Imagine this: you're a perfectly healthy 14-year-old girl romping around the Kootenays. Out of the blue you get sick with a virus that infects one to two people in North America annually.
Ten days later doctors tell your family that if you don't get a new liver in 12 hours you'll die. Then the good news - a liver has been found.
The transplant is completed and things are looking up until a year later, when the doctors tell you the liver you received was infected with Hepatitis B. That means your new liver will slowly stop functioning but the next time around you'll be much less likely to get on the transplant list because the Hep B makes you a risky candidate.
This was the scenario faced by Squamish resident Shelby Miller. At 28, Miller said she had written her will, sold her car and was preparing to live out the last two weeks of her life when she got a call from the hospital telling her a new liver had been found. Four years later she is a healthy mountain bike enthusiast who recently turned a life-long hobby of making jewelry into a full time affair. One of her first orders of business was to create a bracelet for the Canadian Liver Foundation's (CLF) national campaign to raise awareness and money for the liver disease research that saved her life.
"Some of the research they've done has helped me to be alive today," she said. "They're bringing more awareness to Hepatitis A, Hepatitis B, Hepatitis C - even me telling you that I have Hepatitis B is a big deal because when people hear it they associate it with drug use and promiscuous behaviour, there are some stigmas attached to it."
Miller's sterling silver bracelet was created for last year's What a Girl Wants gala put on by the CLF. The high-end affair, which takes place this year on May 19 (World Hepatitis Day), features a multi-course dinner, live and silent auctions and live entertainment to highlight the importance of liver health and honour women as health guardians.
"Her story is very unique, she's an exceptional person. We feel very grateful because liver disease is something that people don't want to talk about, it's got a stigma.
"In the last couple of months more and more young people have been diagnosed and they're saying, 'look, look at who we are, we're like everybody else,'" said The Liver Foundation's regional director for BC/Yukon, Elena Murgoci. "The more that people know about it the more people will talk about it and not have a fear."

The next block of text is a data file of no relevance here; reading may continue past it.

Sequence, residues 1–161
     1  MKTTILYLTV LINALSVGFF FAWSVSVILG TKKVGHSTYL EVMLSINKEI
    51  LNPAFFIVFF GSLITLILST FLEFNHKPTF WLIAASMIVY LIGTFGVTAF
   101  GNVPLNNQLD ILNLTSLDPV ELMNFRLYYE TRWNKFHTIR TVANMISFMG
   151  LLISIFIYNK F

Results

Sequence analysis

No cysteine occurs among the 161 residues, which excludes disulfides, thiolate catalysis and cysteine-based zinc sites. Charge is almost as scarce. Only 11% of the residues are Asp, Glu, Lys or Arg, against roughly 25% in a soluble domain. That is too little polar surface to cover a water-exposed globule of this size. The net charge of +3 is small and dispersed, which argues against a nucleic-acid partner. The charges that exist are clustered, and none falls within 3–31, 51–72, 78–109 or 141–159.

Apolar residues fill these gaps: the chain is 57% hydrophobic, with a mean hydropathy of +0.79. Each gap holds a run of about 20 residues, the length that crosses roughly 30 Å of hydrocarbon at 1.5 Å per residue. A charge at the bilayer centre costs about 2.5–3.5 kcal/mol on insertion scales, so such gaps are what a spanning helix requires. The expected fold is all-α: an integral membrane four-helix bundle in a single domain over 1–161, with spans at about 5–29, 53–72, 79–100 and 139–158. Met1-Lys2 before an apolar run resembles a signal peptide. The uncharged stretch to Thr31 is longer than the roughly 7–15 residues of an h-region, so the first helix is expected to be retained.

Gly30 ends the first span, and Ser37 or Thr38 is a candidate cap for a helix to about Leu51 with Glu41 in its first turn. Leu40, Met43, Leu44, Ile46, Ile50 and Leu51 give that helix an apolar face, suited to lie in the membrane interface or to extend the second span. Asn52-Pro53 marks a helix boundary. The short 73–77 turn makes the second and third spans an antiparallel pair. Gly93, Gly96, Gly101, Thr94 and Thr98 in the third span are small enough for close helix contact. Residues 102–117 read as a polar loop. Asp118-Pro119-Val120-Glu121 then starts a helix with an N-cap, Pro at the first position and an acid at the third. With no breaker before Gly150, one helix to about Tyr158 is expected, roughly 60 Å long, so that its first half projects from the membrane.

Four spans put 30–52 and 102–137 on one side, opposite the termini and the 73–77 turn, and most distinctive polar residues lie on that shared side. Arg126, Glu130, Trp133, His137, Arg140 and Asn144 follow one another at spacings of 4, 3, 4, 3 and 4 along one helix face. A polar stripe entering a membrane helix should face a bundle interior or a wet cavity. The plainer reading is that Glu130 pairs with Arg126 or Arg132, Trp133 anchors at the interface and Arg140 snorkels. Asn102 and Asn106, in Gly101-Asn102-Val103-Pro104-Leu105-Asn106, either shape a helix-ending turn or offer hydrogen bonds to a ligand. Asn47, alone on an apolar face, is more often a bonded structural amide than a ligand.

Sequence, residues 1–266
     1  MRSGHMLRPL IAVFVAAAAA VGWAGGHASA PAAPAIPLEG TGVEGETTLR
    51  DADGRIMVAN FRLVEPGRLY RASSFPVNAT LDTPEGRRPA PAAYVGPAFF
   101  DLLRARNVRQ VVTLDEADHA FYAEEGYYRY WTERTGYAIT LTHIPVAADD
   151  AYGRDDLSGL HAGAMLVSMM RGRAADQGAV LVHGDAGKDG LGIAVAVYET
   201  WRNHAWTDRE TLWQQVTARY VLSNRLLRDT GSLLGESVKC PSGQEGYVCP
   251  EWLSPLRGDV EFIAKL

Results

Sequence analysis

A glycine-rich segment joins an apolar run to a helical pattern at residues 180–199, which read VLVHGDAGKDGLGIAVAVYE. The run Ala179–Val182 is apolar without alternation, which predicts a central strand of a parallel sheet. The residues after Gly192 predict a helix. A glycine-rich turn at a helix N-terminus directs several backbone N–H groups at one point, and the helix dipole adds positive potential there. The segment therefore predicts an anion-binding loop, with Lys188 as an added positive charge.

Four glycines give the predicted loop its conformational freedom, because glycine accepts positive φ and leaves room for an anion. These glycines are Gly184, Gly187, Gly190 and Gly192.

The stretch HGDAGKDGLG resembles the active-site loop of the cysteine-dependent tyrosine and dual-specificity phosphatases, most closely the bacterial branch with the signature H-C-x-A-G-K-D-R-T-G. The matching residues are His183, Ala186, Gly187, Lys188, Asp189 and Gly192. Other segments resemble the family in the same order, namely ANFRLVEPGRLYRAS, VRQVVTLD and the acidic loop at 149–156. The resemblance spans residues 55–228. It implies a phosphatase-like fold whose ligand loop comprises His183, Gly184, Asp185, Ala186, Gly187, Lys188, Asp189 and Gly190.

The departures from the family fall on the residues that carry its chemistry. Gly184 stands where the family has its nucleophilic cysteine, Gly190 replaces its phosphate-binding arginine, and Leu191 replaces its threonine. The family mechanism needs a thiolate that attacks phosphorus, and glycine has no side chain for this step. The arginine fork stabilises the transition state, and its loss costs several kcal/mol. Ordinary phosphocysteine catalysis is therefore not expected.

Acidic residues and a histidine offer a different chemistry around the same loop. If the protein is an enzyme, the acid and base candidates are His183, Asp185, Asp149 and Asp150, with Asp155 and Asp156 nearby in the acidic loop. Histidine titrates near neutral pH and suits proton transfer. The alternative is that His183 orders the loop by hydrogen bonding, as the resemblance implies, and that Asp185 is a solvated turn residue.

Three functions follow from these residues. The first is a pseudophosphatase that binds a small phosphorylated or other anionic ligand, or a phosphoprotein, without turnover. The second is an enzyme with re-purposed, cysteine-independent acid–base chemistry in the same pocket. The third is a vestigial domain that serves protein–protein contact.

Miller's bracelets sold out at last year's What a Girl Wants event so she's decided to tweak the design and promote it again for this year's gala, as well as offering the jewelry to CLF liver awareness campaigns across the country. All proceeds go the CLF.
"Because of research the CLF has done my new liver is clean and good to go, I can have babies! It's great, it's really exciting," laughed Miller. "It's a labour of love. I've been lucky twice. I've had my life saved. I want to get everybody wearing these things."
Handcrafted and polished, Miller said the unusual design of the bracelets makes for a great conversation starter to raise the topic of liver health.
"For me growing up with it as a teenager it has this stigma attached so I kept quiet so what we're trying to do is raise awareness about liver disease, liver health and raise money for research and that's where the bracelet comes in," she continued. "It's a great way to segue a conversation."
The bracelets are available on Miller's website, www.shelbymiller.ca. For more information on the CLF go to www.liver.ca and for tickets to the What a Girl Wants gala follow the links on the main CLF page.